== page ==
I’m fairly new to growing and have had problems with ph as many of us do starting out on this adventure. I’ve had numerous question pertaining to PH ( power of hydrogen) and chemicals that can safely be used to raise or lower it. I’ve recieved good info from all however , while researching water , alkalinity, and ph I’ve read numerous articles explaining the correlation between ph and alkalinity and each article is insistent upon the fact that although ph can identify whether water is alkaline or acidic, the two ( ph and alkalinity ) are different and although I may adjust my ph to a proper level with a chemical agent , these chemical agents do not rid the water of the metals and particles etc that cause water to become alkaline , they just “buffer” them. These can then build up in the soil and even though I’m adjusting my PH the presence of these alkaline causing materials will affect the growth of my plant even inhibiting roots uptake of water and nutes. It’s my understanding that they are not the same even though science gives us the double meaning. I don’t want to pretend to know everything about ph etc. i first sought to just learn more but now I don’t give a @#$&& I’ll use distilled water buffered to 6.5 my little grow doesn’t require ppm etc anyway a couple pics from what I’ve read. Please correct me if my understanding is wrong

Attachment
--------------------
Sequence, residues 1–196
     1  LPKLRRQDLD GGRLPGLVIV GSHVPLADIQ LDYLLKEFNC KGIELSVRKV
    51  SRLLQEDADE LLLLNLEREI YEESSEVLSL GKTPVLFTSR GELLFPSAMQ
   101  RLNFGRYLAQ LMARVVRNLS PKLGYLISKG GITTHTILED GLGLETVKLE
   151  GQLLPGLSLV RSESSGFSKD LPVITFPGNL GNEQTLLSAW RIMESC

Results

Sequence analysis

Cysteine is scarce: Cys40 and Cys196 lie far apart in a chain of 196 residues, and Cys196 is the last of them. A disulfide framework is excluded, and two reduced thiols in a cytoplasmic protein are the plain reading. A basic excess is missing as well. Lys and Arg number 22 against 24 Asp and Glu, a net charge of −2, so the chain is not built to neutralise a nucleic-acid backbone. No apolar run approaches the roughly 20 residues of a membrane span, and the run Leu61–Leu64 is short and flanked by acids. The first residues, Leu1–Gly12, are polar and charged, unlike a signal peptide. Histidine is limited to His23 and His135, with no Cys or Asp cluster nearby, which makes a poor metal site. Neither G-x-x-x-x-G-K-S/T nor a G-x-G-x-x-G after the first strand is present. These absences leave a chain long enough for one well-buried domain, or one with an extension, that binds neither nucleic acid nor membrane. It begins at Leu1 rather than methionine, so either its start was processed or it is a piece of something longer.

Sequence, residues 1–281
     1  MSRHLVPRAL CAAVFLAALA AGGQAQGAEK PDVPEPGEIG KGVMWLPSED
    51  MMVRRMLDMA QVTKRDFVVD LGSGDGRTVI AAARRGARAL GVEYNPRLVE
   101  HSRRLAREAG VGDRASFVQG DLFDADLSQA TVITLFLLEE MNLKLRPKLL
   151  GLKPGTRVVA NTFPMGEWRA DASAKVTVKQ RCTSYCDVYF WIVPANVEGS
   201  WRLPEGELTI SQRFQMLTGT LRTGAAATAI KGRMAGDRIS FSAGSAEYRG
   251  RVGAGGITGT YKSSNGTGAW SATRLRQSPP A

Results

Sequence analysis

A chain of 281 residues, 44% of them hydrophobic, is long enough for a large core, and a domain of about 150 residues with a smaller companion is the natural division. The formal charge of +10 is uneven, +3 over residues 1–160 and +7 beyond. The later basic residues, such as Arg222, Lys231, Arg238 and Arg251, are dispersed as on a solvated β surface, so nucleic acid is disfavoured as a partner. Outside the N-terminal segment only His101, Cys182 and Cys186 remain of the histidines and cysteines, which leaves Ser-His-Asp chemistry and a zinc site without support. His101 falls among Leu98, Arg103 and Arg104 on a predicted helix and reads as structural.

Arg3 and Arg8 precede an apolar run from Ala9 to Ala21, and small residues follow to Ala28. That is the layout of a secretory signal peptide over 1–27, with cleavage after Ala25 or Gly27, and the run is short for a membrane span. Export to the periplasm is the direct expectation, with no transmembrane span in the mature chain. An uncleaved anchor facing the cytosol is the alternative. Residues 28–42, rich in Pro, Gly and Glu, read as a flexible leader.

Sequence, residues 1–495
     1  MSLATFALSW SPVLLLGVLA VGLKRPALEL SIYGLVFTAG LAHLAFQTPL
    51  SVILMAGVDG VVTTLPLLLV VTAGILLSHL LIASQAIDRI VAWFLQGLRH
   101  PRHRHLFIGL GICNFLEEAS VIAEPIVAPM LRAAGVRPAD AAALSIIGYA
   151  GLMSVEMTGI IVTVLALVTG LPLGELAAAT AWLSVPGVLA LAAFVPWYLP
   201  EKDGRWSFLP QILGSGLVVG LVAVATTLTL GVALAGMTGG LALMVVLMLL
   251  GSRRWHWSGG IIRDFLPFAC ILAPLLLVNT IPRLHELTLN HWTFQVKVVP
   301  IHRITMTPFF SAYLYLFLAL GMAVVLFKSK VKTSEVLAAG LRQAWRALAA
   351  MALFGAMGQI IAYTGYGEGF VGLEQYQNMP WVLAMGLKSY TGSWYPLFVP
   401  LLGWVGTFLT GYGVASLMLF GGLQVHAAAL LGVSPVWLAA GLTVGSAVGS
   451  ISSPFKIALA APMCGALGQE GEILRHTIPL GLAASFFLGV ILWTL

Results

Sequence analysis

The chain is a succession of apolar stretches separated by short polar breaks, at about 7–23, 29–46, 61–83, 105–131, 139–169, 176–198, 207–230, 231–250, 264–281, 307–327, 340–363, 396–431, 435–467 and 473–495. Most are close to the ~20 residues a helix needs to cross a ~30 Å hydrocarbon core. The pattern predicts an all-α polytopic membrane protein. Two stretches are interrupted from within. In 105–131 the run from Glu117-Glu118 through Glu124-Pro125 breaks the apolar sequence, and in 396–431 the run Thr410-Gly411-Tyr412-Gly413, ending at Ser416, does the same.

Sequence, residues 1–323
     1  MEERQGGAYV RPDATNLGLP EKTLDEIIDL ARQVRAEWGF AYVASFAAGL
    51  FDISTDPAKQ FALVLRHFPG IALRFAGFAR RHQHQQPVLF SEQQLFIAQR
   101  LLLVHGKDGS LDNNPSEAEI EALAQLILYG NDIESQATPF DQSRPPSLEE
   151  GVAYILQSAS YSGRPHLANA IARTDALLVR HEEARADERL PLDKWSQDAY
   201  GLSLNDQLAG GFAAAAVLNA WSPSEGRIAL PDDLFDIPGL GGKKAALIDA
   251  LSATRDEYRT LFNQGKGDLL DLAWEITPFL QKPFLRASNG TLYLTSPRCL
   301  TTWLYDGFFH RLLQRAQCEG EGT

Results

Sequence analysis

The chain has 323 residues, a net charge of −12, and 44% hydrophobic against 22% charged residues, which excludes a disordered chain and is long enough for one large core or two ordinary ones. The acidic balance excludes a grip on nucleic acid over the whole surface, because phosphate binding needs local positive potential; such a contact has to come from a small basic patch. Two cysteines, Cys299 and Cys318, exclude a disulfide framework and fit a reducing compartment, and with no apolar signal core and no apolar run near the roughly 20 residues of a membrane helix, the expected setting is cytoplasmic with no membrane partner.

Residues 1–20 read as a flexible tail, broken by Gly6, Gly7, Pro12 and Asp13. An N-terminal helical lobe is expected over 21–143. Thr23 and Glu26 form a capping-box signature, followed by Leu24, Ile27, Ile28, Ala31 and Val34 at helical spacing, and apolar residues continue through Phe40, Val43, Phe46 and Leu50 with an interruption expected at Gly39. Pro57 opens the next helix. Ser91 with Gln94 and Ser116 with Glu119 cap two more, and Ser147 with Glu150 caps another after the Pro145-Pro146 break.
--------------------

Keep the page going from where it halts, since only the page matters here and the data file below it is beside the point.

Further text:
I understand your concern with this. My water comes from a very alkaline well. I have to filter my water to wash my hair! I’ve grown in very soft water too. Either way, I just ph to 6.5 and call it a day. Working out great. Take a look at what I’m about to harvest now in very very hard water. It’s in my grow journal. I dont save my pics on my phone lol. And akaline just means a ph of 7 or more. I’m guessing your referencing hard or soft water?
Like @VoodooKing I am in wellwater, pH about 8 and ppm’s around 180, leaves lots of white calcium residue everywhere. I just roll with it as is and pH down to 5.8 for my coco. As the alkali salts and other salts build up overtime in the coco, if it’s impacting my plants, I flush them.